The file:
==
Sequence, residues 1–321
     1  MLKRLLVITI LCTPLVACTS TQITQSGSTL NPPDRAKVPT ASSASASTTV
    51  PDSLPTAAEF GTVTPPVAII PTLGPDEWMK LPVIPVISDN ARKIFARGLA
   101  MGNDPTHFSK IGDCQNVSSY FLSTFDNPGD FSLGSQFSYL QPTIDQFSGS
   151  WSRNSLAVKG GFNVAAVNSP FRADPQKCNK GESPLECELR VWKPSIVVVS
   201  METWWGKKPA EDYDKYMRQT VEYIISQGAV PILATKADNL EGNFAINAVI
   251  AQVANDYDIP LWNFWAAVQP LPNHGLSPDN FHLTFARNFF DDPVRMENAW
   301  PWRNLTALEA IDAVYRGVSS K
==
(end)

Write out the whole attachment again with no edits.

Sequence, residues 1–321
     1  MLKRLLVITI LCTPLVACTS TQITQSGSTL NPPDRAKVPT ASSASASTTV
    51  PDSLPTAAEF GTVTPPVAII PTLGPDEWMK LPVIPVISDN ARKIFARGLA
   101  MGNDPTHFSK IGDCQNVSSY FLSTFDNPGD FSLGSQFSYL QPTIDQFSGS
   151  WSRNSLAVKG GFNVAAVNSP FRADPQKCNK GESPLECELR VWKPSIVVVS
   201  METWWGKKPA EDYDKYMRQT VEYIISQGAV PILATKADNL EGNFAINAVI
   251  AQVANDYDIP LWNFWAAVQP LPNHGLSPDN FHLTFARNFF DDPVRMENAW
   301  PWRNLTALEA IDAVYRGVSS K